Well, later that day I received an email from the owner himself. It turns out that I've actually referenced another bicycle of his on this site as well:
In the case of the earlier post, I wasn't being particularly dirisive (for me anyway). I was simply comparing Fixedgeargallery and Velospace and therefore juxtaposing two Pista Concepts. But I do admit that the comment about the BMC came off a bit harsh. And, understandably, the owner felt compelled to point out that I had in fact mentioned him twice and that he had not expected to be singled out for simply riding his bicycle to a bicycle race. Not only that, but another reader felt compelled to comment on his behalf as well:
The fixster with more money than sense was actually racing that frame at Kissena on Super Sprint Sunday - with lovely carbon fiber track bars. Frankly, I think it's cool that it doubles as his ironic coffee bike.
You actually commented on something of his before - carbon track drops with no tape on them. It turned out that they were special carbon bars with integrated grip texture in the carbon. No wrap needed. You got a hard-on for this guy or what? Two strikes!!!
I'd hate for anybody out there to think that I've got a vendetta going against anybody. (Or, worse yet, a "hard-on.") I mean, the truth is that I do have some vendettas going, but they're all against either quasi-celebrities like Michael Ball or just things that irk me like pie plates and people who lock their wheels and skid in front of you on the bridge bike paths. I didn't mean to single this particular guy out. As such, I think he deserves an explanation.
Most importantly, as I said earlier, the "more money than sense" line was a bit harsh. But, in my defense, it is technically true. Let's take a look:
"Sense" is hard to quantify. Different things make sense in different circumstances. A radiation suit doesn't make sense at the beach, but it does in a nuclear power plant. (Or at the beach at Coney Island.) Similarly, a BMC Track Machine might make sense at the track, but it's probably not the most sensible bicycle for street use, and that's how I saw the bike being used. I've created a Sense-o-meter to illustrate this:
The top bicycle is a sensible city bike, and the bottom bicycle is Theo Bos's Koga Miyata. As a city bike, the BMC ranks closer to the Theo Bos bike than to the city bike. Obviously, if we were talking about olympic velodrome use, this would be inverted. But since the bicycle was being used on the street, this is the scale that I applied.
The BMC Track Machine costs about $1,800 for the frameset (depending on where you buy it), and as such ranks pretty highly on the Money-o-meter. It is represented by three dollar signs.
So we've established that the BMC is not the most sensible city bike, and we've also established it's pretty expensive. But does that mean the owner has more money than sense?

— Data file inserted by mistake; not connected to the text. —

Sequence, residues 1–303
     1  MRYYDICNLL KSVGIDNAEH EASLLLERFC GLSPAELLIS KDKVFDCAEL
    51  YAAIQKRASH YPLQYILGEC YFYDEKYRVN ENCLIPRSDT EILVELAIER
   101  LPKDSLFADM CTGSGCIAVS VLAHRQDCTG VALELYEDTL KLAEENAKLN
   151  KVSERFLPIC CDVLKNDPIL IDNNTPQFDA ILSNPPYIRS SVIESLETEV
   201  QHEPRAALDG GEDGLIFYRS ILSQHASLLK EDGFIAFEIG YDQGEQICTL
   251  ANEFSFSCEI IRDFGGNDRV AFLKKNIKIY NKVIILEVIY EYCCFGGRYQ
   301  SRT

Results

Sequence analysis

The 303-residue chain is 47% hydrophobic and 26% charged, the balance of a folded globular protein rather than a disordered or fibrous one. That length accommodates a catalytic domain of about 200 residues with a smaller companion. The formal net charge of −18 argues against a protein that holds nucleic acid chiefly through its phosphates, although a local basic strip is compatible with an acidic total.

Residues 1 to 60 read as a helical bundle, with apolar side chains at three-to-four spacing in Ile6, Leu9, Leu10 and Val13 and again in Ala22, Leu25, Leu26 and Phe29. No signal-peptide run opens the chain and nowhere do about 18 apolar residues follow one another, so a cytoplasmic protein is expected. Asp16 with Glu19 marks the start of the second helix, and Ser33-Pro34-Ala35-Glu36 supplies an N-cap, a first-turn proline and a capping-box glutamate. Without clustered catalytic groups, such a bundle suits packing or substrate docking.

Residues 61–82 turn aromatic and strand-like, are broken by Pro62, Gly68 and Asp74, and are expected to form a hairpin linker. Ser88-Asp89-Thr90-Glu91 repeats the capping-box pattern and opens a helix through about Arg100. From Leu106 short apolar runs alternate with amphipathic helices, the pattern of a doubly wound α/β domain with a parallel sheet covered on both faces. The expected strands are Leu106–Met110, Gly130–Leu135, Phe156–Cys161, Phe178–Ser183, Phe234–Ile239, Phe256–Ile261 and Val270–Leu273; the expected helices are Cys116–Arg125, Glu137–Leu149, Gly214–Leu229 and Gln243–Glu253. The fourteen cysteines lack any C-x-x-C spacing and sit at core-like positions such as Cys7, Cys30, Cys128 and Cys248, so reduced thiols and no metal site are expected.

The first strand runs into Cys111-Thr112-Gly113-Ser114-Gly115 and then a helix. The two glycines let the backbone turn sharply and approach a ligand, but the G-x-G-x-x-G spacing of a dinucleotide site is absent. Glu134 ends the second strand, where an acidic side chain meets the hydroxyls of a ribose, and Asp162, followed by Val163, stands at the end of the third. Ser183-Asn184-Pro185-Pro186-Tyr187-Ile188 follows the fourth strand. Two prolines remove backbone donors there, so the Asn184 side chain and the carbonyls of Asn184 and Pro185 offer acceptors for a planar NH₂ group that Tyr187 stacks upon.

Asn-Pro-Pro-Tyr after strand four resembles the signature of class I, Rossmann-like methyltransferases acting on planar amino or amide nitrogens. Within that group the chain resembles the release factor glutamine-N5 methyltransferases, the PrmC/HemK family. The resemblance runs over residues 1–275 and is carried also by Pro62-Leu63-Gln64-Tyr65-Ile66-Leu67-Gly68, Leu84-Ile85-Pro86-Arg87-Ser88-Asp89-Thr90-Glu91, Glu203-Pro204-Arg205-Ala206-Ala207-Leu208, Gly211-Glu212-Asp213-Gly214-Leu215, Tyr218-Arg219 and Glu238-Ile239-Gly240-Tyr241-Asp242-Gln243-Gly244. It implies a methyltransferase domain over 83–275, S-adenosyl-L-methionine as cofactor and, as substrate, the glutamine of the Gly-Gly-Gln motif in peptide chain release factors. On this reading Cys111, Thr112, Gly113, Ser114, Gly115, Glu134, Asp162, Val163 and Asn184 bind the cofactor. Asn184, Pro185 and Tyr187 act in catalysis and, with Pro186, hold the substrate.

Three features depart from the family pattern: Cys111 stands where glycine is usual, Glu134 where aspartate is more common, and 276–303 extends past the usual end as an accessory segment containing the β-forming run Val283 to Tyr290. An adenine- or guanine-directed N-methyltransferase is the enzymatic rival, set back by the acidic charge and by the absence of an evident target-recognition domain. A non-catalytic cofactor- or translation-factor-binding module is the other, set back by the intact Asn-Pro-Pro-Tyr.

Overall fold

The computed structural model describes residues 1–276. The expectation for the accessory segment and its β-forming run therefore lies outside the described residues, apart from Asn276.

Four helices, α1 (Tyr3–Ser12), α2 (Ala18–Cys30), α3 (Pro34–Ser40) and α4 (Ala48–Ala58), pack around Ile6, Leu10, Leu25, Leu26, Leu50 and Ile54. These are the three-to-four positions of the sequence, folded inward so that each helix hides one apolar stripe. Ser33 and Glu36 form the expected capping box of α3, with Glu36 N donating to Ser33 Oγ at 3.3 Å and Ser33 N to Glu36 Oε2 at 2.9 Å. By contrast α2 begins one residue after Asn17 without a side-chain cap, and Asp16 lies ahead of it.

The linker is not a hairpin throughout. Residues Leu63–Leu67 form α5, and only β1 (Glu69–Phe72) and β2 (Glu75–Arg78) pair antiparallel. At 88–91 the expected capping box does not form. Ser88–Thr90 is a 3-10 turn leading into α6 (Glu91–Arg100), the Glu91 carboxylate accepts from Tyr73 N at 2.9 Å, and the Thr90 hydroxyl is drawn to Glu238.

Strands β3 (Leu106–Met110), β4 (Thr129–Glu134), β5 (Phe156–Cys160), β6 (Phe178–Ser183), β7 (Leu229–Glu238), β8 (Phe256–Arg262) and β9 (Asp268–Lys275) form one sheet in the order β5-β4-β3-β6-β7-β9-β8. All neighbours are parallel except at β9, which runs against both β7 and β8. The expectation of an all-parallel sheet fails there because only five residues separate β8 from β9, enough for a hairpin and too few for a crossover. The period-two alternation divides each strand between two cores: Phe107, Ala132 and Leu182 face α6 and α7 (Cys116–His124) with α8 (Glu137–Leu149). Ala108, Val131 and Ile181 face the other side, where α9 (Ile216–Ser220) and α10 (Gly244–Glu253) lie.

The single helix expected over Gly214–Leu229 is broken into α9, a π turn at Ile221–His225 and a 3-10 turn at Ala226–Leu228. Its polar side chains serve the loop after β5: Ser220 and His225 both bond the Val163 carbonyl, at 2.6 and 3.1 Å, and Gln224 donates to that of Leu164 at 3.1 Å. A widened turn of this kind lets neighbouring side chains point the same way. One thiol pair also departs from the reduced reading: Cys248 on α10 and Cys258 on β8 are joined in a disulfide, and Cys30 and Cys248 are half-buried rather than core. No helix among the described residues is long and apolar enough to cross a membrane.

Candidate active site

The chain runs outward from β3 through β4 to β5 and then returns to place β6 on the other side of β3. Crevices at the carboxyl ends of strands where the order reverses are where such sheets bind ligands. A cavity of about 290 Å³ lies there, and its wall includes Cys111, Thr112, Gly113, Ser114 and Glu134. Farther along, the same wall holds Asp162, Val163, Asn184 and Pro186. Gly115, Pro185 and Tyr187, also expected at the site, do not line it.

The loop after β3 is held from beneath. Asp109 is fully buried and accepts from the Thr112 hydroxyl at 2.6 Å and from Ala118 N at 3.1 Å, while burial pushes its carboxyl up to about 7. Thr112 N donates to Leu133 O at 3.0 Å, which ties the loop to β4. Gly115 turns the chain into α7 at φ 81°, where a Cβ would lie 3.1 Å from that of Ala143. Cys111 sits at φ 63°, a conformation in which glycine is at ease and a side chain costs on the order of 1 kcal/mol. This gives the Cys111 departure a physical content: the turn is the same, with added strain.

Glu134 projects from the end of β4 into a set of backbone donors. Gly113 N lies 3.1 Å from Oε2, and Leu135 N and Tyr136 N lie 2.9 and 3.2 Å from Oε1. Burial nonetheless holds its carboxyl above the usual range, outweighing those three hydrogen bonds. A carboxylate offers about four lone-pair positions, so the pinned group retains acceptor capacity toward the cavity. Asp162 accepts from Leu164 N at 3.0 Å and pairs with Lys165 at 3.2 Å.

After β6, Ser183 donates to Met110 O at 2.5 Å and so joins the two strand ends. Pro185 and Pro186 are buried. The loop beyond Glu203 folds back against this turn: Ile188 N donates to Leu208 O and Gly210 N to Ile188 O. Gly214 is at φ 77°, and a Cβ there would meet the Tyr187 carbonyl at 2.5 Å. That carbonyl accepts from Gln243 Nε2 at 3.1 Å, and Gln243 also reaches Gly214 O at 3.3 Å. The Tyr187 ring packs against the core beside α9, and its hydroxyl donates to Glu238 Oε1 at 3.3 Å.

Money Vs. Sense
Putting the Sense-o-meter and the Money-o-meter side by side and plotting a line between the two points at which the BMC appears on each, it would appear that the BMC track machine is indeed more expensive than it is sensible given the circumstances in which it is being used:
Of course, I don't think the real issue is that I wrote inaccurately. I think it's that I wrote glibly. Simply saying he's got more money than sense doesn't take into account myriad other factors. Still, I don't think what I said was so bad. I happened to commute on my road bike this morning, and if I were to apply the Sense-o-meter and the Money-o-meter to myself for my commute I'd definitely have more money than sense today too, and I'd begrudge nobody for saying so. All the same, I suppose when I posted the BMC I could have said something velo-politically correct like, "This person is exhibiting an inverse relationship between bike cost and practicality for the occasion," but you've got to admit that's a little cumbersome.
The other thing that bears mentioning is the commenter's observation that the BMC is an "ironic coffee bike." The owner corroborates on his own blog that he did indeed have ironic intentions. This would not be the first time I've missed fixed-gear irony. I also apparently missed it when I got mad about that King Kog photo, which they went on to explain was actually intended as a joke. I'm actually concerned that I seem to be missing so much irony, since I'd like to think I have a decently-functioning sarcasm detector. I suppose the reason I'm having so much trouble is that I just don't expect the irony to be so darn expensive. I mean, I understand Judah Friedlander wearing a $10 World Champion hat, but $1,800 is a lot of scratch for some irony. Then again, I guess that's just more irony. Also, the owner was surprised I singled him out on the site, yet his bicycle was in fact a rolling ironic statement. My grip on irony is clearly tenuous, but to me that would imply he'd want the ironic statement to be noticed. Wow, this is getting confusing. I may need to take a class or something. In any case, I just hope he rides and enjoys his bicycle, whether it's in sincere mode or ironic mode, depending on bar choice.
While I'm on the subject of fixed-gear irony, I'm not sure how much is intended in the following video, which is a promotion for a new book called "Rain City Fixed:"
I've actually been in touch with the person who put this book together, and I congratulate him on finishing it and wish him the best of luck. I do admit I'm sort of baffled by the "bike culture's" compulsion to preen and model and to photograph itself and its fashions and thereby emulate some of the more disappointing aspects of the larger culture, but I'm sure someone out there can tell me what I'm missing. I'd hate to put my cycling shoe in my mouth two days in a row.